The stethoscope may soon be obsolete as more accurate and compact ultrasound devices drop in price, according to two US heart experts.
The simple listening tube for monitoring abnormal heartbeats and wheezing lungs has been a common sight draped around the necks of doctors since its invention in 1816, but according to the experts the falling price of new technology and changes in medical training could eventually see the stethoscope supplanted by pocket-sized ultrasound probes.
Professor Jagat Narula and Dr Bret Nelson, both from Mount Sinai School of Medicine in New York, point out that several manufacturers already make hand-held ultrasound machines "slightly larger than a deck of cards".
Currently even a top-of-the-range stethoscope costs only a fraction of the several thousand dollars needed to buy the cheapest ultrasound device, but the price is falling and evidence suggests that, compared with the stethoscope, the devices can reduce complications, assist in emergencies and improve diagnostic accuracy.
Writing in the journal Global Heart, of which Prof Narula is editor-in-chief, the authors conclude: "Certainly the stage is set for disruption; as LPs were replaced by cassettes, then CDs and MP3s, so too might the stethoscope yield to ultrasound.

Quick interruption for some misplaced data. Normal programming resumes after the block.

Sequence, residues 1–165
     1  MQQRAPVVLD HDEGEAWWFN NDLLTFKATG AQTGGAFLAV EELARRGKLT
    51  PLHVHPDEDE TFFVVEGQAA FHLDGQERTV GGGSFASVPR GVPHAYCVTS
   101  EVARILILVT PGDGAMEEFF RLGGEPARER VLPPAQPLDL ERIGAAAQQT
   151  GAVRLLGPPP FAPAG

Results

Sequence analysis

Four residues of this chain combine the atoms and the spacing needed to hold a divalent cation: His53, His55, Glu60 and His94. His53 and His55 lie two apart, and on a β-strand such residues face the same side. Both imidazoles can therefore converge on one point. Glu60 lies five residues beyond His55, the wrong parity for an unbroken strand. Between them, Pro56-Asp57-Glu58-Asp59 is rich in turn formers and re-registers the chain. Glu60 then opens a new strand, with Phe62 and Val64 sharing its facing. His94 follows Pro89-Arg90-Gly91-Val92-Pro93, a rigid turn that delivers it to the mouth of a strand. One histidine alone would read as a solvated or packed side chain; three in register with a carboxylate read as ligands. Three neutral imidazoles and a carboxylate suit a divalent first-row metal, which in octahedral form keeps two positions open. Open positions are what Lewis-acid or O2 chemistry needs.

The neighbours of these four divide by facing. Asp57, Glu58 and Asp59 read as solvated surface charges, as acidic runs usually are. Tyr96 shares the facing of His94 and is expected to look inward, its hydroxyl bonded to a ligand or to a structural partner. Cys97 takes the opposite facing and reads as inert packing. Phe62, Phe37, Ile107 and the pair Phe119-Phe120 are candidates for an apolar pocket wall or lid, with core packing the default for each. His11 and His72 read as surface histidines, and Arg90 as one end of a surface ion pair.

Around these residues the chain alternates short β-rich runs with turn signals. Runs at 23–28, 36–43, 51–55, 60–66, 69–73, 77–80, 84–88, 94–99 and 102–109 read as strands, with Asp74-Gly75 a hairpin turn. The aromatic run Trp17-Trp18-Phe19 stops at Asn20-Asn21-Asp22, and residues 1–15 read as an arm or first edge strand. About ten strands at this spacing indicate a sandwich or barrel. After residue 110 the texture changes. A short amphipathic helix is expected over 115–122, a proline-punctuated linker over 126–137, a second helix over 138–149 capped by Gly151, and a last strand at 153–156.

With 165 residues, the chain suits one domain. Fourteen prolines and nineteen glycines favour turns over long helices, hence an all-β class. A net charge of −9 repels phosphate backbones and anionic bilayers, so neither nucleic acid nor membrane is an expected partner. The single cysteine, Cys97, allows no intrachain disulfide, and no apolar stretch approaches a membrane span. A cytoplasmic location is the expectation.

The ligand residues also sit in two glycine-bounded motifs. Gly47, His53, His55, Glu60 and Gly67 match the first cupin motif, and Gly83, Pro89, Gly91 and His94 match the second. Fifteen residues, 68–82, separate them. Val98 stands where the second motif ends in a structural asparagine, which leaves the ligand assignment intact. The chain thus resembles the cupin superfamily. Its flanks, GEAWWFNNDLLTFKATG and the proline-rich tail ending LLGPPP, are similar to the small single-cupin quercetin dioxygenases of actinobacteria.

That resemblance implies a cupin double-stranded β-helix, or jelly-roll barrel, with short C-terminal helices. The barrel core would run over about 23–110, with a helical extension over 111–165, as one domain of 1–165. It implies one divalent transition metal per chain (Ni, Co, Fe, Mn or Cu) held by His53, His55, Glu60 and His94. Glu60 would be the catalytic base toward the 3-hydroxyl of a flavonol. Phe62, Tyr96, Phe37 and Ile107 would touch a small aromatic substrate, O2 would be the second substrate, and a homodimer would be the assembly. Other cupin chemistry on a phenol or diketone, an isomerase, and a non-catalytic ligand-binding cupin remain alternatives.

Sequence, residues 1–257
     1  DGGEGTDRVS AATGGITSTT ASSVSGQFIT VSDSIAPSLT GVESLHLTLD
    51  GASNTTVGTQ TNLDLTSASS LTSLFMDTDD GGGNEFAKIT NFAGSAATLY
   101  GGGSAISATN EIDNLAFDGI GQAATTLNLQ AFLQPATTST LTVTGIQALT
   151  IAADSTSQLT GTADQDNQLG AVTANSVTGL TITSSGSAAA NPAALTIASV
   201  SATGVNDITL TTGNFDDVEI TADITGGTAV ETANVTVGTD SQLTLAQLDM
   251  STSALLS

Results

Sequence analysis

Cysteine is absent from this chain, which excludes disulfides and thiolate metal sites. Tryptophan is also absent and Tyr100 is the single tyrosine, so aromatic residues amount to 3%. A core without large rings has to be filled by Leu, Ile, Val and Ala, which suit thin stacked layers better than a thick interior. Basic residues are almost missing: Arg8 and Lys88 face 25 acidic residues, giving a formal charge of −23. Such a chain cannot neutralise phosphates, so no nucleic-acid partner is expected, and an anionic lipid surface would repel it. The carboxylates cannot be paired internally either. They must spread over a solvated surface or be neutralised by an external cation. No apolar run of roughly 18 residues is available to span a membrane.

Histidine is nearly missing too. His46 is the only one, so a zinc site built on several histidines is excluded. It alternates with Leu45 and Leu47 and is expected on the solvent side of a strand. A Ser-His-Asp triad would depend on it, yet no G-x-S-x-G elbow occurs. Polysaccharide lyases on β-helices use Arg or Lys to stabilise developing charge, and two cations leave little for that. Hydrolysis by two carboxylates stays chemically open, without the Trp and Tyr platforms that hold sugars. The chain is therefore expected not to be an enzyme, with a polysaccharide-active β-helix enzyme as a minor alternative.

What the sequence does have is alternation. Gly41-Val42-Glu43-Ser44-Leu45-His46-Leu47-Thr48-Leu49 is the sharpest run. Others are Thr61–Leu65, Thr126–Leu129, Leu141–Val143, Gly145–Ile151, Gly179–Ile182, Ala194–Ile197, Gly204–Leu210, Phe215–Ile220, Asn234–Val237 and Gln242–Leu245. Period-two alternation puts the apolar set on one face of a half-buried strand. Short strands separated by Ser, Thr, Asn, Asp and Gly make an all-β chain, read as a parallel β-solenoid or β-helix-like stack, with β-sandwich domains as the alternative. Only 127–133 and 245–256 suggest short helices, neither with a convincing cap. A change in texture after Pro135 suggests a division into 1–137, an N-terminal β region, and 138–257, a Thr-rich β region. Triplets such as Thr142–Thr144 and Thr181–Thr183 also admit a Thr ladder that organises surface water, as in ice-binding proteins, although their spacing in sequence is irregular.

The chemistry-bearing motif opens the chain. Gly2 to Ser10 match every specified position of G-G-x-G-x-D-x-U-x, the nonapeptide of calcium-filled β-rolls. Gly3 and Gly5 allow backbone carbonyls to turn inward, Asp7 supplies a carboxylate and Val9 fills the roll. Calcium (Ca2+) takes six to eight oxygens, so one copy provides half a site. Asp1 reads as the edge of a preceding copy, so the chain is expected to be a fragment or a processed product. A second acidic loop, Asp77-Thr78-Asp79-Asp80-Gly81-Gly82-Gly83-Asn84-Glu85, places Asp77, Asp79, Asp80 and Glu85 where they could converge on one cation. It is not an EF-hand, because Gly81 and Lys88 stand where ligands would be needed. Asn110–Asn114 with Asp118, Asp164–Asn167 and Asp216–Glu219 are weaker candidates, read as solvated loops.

"Medical students will train with portable devices during their preclinical years and witness living anatomy and physiology previously only available through simulation. Their mentors will increasingly use point-of-care ultrasound in clinical environments to diagnose illness and guide procedures.
"They will see more efficient use of comprehensive, consultative ultrasound as well – guided by focused sonography and not limited by physical examination alone. And as they take on leadership roles themselves, they may realise an even broader potential of a technology we are only beginning to fully use.
"At that point, will the 'modern' stethoscope earn a careful cleaning, tagging, and white-glove placement in the vault..?"
Despite the advantages of the new technology, there will still be traditionalists who prefer to hang on to the old ways, like music buffs lovingly preserving their vinyl records, the experts suggest.
They pose the question: "As some audiophiles still maintain the phonograph provides the truest sound, will some clinicians yet cling to the analogue acoustics of the stethoscope?"